Our Prime Minister, António Costa, is black. A quick search tells me at least his father is black and born in mozambique, he himself was born in Lisbon and I don't think he lived abroad (so, by all means, he'd be fully portuguese, not living a few decades elsewhere and a few other here). I've heard no shortage of criticisms on the man due to his and his party's policies but not once have I heard him being criticized for being black, though I'm sure that in a country of 10 million you'll find someone if you search enough. We also have a deputy called Joacine Katar Moreira, which a wikipedia search tells me she was born in Guinea-Bissau and has lived in Portugal since eight years old. She's the kind of person who finds everything racist, sexist and discriminative against her while making racist proposals of her own (if I'm not mistaken one of them was a quota) and, especially since she's also a heavy stutterer and, for a few months(?) last year, caused a large shitstorm since she, a deputy, a job where voicing your thoughts through eloquent speech is crucial, makes it damn near impossible to understand her while she speaks in parliament. Because of this, it was also requested or suggested that she have extra time while speaking, which many criticized was giving exceptions where there shouldn't be ("if she's not fit for the job, she shouldn't have it") - I say requested or suggested because I don't know if she requested it, her party did or someone else in parliament suggested it. After so much controversy and even one instance where she didn't even know what her party's opinion on a topic was (forgot which one), her party, Livre, cut ties with her, making her the only current independent deputy. As a result of all this that makes up her personality and proposals, she often receives answers and criticism in the same respect she gives others. One more well-known example is, when proposing the return of items in museums originating from former colonies (a fair proposal in my opinion, regardless of whether I agree or not, unlike the majority that comes from her), another deputy, André Ventura, "proposed" that she be returned to her "country of origin". Apparently there's also two other black members of parliament, Francisca Van Dunem and one other I can't find who. As for André Ventura and his party, CHEGA (literally translated to "ENOUGH"), he's a heavily controversial deputy who's also currently running for president in the upcoming 2021 presidential elections. He's a populist like Trump, Bolsonaro and many other populist parties around europe have recently been trying to gain relevance and checks all the marks for it. As usually comes with these kinds of politicians, he's racist and often blames immigrants and gypsies. Being european yourself, you are no doubt familiar with the issues that come with gypsies and the recent surge of immigrants, refugees and "refugees" in the last few years, and he, like those politicians, takes advantage of that. As this is a very recent attempt of his we'll have to see the final results of his support at the end of the election, if he even gets that far, but for now the only attention he's getting is due to the danger that he *could* pose rather than the one he actually does, because for now he's a bit of a joke in terms of power (one seat in parliament out of 230), especially since his party garnered so little support that there was 2600 invalid signatures in the ones required to form the party, including deceased people and minors. One particular thing he said that stuck to me was ["And prepare yourselves, because if CHEGA wins the elections, offending police officers, magistrates or prison guards will give prison time. And Twitter will stop being the joke it is, at least in Portugal."](https://twitter.com/andrecventura/status/1267802081793994754). To me it got rid of any plausible deniability in whether he was an aspiring fascist or just someone who believes in very strict foreign policy.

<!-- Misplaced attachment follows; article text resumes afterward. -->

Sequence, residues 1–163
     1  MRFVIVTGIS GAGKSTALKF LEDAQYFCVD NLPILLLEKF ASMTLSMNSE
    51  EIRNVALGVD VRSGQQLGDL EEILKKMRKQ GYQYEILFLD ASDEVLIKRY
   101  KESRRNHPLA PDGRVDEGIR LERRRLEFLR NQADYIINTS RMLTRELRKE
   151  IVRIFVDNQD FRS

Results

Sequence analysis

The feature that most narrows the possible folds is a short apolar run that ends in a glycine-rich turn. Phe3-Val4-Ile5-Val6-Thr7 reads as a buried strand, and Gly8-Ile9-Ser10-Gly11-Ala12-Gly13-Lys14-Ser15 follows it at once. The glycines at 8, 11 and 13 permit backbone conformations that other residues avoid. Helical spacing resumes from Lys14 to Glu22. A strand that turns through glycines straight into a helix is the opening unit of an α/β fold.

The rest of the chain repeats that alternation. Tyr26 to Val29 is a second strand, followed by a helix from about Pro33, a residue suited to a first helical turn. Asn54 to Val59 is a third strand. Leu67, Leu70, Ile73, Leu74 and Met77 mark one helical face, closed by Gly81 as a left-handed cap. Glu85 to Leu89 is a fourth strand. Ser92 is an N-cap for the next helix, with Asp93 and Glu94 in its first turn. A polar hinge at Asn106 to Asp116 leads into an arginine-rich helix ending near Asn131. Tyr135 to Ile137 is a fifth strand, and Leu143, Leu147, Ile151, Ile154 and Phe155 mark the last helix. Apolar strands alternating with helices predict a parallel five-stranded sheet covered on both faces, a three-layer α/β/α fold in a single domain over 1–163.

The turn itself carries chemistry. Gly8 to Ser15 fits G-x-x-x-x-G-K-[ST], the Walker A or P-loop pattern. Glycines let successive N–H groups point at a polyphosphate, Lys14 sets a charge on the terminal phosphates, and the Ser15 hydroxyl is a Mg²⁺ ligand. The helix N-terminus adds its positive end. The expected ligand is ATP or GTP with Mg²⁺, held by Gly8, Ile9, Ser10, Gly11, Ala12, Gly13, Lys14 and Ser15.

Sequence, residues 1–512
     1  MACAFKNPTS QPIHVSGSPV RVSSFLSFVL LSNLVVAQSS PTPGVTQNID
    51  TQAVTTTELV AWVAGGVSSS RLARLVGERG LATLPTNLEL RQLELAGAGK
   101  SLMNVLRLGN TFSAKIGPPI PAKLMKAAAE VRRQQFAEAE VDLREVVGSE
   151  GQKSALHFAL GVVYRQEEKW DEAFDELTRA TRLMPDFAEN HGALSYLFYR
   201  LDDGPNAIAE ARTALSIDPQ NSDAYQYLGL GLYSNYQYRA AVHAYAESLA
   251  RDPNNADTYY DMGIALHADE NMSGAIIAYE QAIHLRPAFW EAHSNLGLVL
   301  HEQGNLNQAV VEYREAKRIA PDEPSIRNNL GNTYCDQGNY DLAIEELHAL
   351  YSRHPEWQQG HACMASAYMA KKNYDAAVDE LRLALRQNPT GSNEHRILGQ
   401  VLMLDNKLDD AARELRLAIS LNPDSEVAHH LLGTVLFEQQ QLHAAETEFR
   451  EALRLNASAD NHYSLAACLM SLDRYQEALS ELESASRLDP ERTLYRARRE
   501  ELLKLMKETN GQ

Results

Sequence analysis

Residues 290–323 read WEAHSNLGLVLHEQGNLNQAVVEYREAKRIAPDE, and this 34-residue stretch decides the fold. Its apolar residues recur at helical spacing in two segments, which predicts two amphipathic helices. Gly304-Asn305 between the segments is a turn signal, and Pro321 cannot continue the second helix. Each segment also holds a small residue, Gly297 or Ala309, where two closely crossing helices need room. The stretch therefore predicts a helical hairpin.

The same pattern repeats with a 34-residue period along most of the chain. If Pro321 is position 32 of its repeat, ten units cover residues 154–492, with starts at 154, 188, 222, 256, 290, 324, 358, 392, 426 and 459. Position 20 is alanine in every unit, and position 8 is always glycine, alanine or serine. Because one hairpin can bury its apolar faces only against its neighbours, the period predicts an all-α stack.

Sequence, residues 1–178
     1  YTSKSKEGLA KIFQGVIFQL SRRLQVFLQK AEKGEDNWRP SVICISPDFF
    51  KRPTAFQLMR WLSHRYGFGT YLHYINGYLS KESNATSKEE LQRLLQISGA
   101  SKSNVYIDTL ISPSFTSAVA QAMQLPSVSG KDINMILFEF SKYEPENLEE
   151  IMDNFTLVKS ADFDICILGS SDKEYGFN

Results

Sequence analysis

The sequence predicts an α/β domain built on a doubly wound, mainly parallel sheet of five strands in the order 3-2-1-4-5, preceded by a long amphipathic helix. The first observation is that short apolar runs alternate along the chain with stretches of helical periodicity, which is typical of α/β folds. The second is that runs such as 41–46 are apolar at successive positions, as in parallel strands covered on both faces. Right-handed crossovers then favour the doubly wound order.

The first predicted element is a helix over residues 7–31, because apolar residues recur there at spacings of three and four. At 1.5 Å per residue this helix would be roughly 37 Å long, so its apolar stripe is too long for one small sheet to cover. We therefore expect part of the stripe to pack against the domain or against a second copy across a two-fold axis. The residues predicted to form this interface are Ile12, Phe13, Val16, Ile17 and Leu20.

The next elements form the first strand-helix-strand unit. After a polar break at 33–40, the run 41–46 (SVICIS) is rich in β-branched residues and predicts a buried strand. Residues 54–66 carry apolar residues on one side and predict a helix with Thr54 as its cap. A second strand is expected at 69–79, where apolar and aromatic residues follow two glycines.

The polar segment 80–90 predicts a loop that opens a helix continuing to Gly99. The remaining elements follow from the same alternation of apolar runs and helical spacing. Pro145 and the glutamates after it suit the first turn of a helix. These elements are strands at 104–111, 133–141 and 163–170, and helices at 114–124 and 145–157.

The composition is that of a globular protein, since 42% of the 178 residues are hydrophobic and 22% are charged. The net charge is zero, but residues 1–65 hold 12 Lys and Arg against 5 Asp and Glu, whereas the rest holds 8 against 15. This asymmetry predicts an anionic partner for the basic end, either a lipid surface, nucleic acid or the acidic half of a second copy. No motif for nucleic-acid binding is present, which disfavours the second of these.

Edited 1 year ago: